Wellness doesn’t have to mean an expensive membership, early wake-up call, or taking an hour out of your packed schedule. There are practical and simple ways to take care of your body and mind that effortlessly fit into your routine, budget, and environment.
Chair yoga, for example, is a form of yoga that—you guessed it—can be done from a desk, kitchen, or living room chair—no gym, mat, funds, extra space or commute required. (Keep in mind, chairs with wheels aren’t ideal, since they’re less stable.)
While chair yoga is a modified, more supportive, and less intense form of the practice (since the chair bears the majority of your body weight, rather than you), it’s still beneficial for flexibility, strength, and relaxation. For example, one study asked twenty participants to practice chair yoga at their office desks for 15 minutes. Afterwards, the group reported feeling less stressed and the researchers found their psychological and physiological markers of stress, like respiration rate, decreased.
Below, we put together three foundational chair yoga postures to kickstart your practice. Don’t forget: One of the most critical elements of yoga is the breath. As you explore these poses, pay close attention to your inhales and exhales. The more deep and audible, the better.
This pose is helpful for loosening the hip muscles, which are often tighter than other areas of the body. Begin by placing your feet on the floor and separating them to match the width of your hips. Take your left ankle and rest it above your right knee, so it’s comfortably resting on top of your right leg. If you can feel the stretch in your outer left hip, feel free to remain in this position. If you’d like to explore further, slowly lean your upper body forward. As you do this, place your left hand below your left knee and your right hand on your right ankle to gently pull your chest towards your left calf. As you inhale, lengthen your spine. As you exhale, deepen into the fold. After a few rounds of inhales and exhales, carefully come out of the posture the same way you entered it. Repeat on the other side.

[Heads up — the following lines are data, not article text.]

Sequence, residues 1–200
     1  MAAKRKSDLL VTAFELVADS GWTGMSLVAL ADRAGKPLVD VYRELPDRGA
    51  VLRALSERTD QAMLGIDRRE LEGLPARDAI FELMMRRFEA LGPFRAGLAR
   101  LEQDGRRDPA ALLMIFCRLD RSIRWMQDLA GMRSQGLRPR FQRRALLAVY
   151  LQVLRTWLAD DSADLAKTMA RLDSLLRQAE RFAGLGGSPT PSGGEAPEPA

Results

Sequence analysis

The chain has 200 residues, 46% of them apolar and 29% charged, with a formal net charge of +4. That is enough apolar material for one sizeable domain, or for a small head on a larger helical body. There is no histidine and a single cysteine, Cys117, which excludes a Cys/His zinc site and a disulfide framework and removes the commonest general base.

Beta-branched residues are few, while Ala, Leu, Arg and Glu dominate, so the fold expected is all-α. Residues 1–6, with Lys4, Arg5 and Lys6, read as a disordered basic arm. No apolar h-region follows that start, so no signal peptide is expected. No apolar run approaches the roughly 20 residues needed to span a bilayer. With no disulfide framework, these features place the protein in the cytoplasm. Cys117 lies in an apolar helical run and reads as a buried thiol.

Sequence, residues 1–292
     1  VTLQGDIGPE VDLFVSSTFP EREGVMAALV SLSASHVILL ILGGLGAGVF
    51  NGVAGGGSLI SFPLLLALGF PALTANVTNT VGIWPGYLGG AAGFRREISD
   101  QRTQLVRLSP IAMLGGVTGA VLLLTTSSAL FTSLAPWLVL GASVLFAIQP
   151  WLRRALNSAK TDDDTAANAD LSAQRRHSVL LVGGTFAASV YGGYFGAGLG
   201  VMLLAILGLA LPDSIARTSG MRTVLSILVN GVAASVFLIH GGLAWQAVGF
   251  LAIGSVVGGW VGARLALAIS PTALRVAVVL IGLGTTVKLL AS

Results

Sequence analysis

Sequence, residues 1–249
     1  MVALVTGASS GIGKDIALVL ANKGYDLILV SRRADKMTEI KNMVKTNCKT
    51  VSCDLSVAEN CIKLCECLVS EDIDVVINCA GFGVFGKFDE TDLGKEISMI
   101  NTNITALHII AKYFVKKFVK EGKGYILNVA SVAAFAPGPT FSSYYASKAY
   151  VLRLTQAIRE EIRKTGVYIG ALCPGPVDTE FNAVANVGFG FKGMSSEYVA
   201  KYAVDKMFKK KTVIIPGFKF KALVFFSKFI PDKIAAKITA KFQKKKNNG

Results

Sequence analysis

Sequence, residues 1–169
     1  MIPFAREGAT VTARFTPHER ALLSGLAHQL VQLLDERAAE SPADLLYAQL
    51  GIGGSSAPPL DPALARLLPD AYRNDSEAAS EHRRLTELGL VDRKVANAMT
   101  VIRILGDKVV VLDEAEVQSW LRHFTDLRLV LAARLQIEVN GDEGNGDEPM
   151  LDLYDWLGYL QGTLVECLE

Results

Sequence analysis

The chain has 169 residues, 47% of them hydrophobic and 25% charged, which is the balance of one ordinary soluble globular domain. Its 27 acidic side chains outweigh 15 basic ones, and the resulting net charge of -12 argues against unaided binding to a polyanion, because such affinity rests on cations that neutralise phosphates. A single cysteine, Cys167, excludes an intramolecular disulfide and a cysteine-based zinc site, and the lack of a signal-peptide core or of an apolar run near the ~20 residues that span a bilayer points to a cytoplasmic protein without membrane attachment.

Seated twists will release tension in your lower back and spine. First, come to the edge of the chair and place your feet on the ground at a hips-width distance. Place your right hand on the outside of your left knee. With your left hand, reach for the back of the chair behind you. Then, twist towards your left, directing your gaze over your left shoulder. Similar to seated pigeon, lengthen your spine as you inhale—pretend a piece of string is pulling the crown of your head in upward. As you exhale, release further into the twist. Remain in the pose for a few rounds of breath, then repeat on the other side by twisting to your right.
If you have tight shoulders or are craving a stretch in your triceps and chest, this pose is for you. Like the previous postures, keep your feet separated at a hips-width distance on the ground. Take your arms out in front of you—parallel to the ground—and turn your palms to face each other. Interlock your fingers. This will cause your palms to face towards you. Keeping your fingers interlaced, reverse the direction of your palms to face away from you. Slowly raise your interlocked hands and arms over your head, making sure to keep your shoulders relaxed and away from your ears. Complete a few rounds of breath in this position.
If you want, try reaching your grip and arms over to the left. You should experience a nice stretch in your right side body. After inhaling and exhaling a few times, return to center and complete one round of breath. Then, repeat by stretching over to the right.
Next time you need a break from work, are waiting for dinner to cool, or simply have some time to spare, give the above postures a try. There are also plenty online videos and resources to support your chair yoga practice. Who knew that increased physical (and mental) health can happen from the comfort of a chair? Whether you choose to roll out a mat or grab the nearest chair, you’re well on your way to resolution success and enhanced well-being.